Formal Methods in Computer Verification (CS 680)

 Announcments  Lectures  Programs  Course Resources   Assignments and Solutions  Grading Policy
Course Description
This course is devoted to verification of computer systems including both hardware and software. Verification and Validation is the process of checking that a computer system meets its specifications and fulfills its intended purpose. This course covers techniques and tools for computer verification with an emphasis on formal methods of verification which use mathematical techniques to prove that computer systems meet their specifications.
This is a graduate elective appropriate for graduate students in Computer Science, Computer Engineering, Software Engineering and Mathematics.
Course Themes
  1. Propositional and predicate logic
  2. Specification of computer systems
  3. SAT solvers and fast practical tools for checking the satisfiability of boolean formulas
  4. Temporal logic and model checking
  5. Generation of test cases and counter examples
  6. Automatic theorem proving and proof assistants
Course Objectives
  1. To be able to use mathematical logic to formally specify properties of computer systems
  2. To be able to use state-of-the-art SAT solvers to solve practical problems in verification
  3. To be able to use a model checker to verify properties of computer systems
  4. To be able to use a proof assistant to prove properties of computer systems
  5. To be able to explain how SAT solvers, model checkers, and proof assistants work
Course Benefits
  1. To be able to provide more formal specifications
  2. To be able to reason formally about computer systems
  3. To be able to use automated tools in computer verification
  4. To be able to design and build more reliable computer systems
There are no explicit prerequisites, though students should have had an undergraduate degree in CS, CE, SE, or MATH. Students are expected to have solid programming skills, be familiar with software design and development, and have had some introduction to logic and mathematical proof.
Jeremy Johnson
Office: University Crossings 139
e-mail: jjohnson AT cs DOT drexel DOT edu
office hours: W 4-6, T 7-8 (online), additional hours by appointment.
Meeting Time
Wednesday 6:00-9:00 in Rush 9 and online. The online and in class versions of the course will be identical (in class lectures will be recorded and posted on BbLearn and use of online discussion will be required by everyone).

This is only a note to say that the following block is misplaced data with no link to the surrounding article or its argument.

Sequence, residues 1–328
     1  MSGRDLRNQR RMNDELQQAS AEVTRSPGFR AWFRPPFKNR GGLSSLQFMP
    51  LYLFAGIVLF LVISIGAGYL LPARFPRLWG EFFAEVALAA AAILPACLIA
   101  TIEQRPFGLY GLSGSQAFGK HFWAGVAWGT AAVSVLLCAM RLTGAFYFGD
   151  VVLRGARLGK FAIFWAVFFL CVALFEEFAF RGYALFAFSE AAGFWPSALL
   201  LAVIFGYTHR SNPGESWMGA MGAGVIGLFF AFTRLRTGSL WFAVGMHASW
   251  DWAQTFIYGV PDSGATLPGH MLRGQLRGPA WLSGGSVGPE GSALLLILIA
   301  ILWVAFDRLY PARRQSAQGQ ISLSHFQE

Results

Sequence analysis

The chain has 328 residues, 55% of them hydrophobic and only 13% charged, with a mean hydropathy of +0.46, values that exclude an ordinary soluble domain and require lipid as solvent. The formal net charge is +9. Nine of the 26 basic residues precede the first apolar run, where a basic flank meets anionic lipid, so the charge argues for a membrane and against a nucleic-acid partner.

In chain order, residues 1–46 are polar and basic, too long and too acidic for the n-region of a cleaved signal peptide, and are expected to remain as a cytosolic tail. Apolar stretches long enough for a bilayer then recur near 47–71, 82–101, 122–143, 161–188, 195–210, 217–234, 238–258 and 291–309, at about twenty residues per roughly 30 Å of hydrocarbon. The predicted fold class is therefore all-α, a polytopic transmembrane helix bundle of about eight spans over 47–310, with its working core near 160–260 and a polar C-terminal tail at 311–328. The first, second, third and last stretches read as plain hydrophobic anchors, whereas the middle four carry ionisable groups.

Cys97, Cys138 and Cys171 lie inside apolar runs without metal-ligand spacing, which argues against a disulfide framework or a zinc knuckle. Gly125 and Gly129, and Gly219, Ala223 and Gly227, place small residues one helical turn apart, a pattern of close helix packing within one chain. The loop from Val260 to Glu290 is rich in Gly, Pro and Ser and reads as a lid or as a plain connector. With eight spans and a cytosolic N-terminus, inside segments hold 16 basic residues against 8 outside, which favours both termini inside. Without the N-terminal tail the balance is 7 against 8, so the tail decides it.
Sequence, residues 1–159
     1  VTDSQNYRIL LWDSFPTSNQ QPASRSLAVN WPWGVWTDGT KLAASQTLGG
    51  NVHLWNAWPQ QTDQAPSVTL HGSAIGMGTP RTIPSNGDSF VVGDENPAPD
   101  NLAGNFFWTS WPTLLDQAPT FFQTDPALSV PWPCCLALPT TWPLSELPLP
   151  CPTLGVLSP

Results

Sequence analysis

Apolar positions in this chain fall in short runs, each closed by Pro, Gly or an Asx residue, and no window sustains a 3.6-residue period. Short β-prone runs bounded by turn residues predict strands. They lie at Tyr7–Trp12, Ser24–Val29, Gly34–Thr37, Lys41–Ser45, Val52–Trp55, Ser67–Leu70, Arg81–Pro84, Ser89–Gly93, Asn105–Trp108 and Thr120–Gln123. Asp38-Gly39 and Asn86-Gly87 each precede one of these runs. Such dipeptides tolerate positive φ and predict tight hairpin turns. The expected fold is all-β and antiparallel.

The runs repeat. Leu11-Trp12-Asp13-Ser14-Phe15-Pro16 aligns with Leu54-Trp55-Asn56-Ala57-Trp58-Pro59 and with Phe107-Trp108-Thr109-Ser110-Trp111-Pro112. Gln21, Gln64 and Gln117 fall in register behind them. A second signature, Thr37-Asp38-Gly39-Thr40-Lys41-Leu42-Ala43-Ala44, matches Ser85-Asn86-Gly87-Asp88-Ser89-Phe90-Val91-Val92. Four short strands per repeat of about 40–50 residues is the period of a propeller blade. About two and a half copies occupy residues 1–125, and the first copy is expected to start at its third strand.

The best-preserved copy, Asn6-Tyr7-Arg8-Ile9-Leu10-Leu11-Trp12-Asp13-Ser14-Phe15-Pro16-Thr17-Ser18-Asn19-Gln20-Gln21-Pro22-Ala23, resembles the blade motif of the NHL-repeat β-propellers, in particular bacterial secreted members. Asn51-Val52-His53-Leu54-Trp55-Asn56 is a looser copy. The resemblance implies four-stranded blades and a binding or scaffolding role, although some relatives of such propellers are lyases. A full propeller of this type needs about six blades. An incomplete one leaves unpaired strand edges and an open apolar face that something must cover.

Course Discussion Groups will be used for class discussion and announcements - check regularly

Please piazza for questions and discussions related to the course. If you know the answer to someone's question, please feel free to jump in, as long as well it is not an answer to a homework problem. I will moderate the list so that frivolous mail and spam is not forwarded.


  1. Week 1: Propositional Calculus
  2. Week 2: Natural Deduction
  3. Week 3: SAT solvers
  4. Week 4: Predicate Calculus
  5. Week 5: ACL2 Proof Assistant
  6. Week 6: ACL2 Proof Assistant
  7. Week 7: ACL2 Proof Assistant
  8. Week 8: Temporal Logic and Model Checking
  9. Week 9: Model Checking
  10. Week 10: Model Checking


  1. Weekly labs and course participation (40%)
  2. Three Projects [SAT solver, Proof Asst, Model Checker] (60% - each worth 20%)


Reference Books
  1. Handbook of Practical Logic and Automated Reasoning, John Harrison, 2009.
  2. Handbook of Satisfiability, Edited by Biere, A., Heule, M., Van Maaren, H., Walsh, T, 2009.
  3. Principles of Model Checking, Christel Baier and Joost-Pieter Katoen, 2008.
  4. Concrete Semantics with Isabelle/HOL, Tobias Nipkow and Gerwin Klein, 2014.
  5. Certified Programming with Dependent Types: A Pragmatic Introduction to the Coq Proof Assistant Hardcover, Adam Chlipala, 2013.
  6. Computer-Aided Reasoning: ACL2 Case Studies, Matt Kaufmann, Panagiotis Manolios, and J Strother Moore (eds.), Kluwer Academic Publishers, June, 2000.
Web Pages
  1. Formal Verification
  2. Boolean Satisfiability
  3. SAT Solvers

Look Here for Important Announcements



This list is tentative and may be modified at the instructor's discretion. Lecture notes will be added as the course proceeds. LICS and CAR refer to the two required texts.
  1. Week 1: Propositional Calculus (ch 1 - LICS)
  2. Week 2: Natural Deduction (ch 1 - LICS)
  3. Week 3-4: Normal Forms, Satisfiability and SAT Solvers (ch 1 - LICS)
  4. Week 5-6: Predicate Calculus (ch 2 LICS)
  5. Week 7: Software Micromodels (ch 2 LICS)
  6. Week 8: ACL2 Proof Assistant (ch 6-7 CAR)
  7. Week 9: Temporal Logic and Model Checking (ch 3 LICS)
  8. Week 10: Model Checking (ch 3 LICS)

Programs and Worksheets



Created: 12/17/14 [last updated 1/26/15] by jjohnson AT cs DOT drexel DOT edu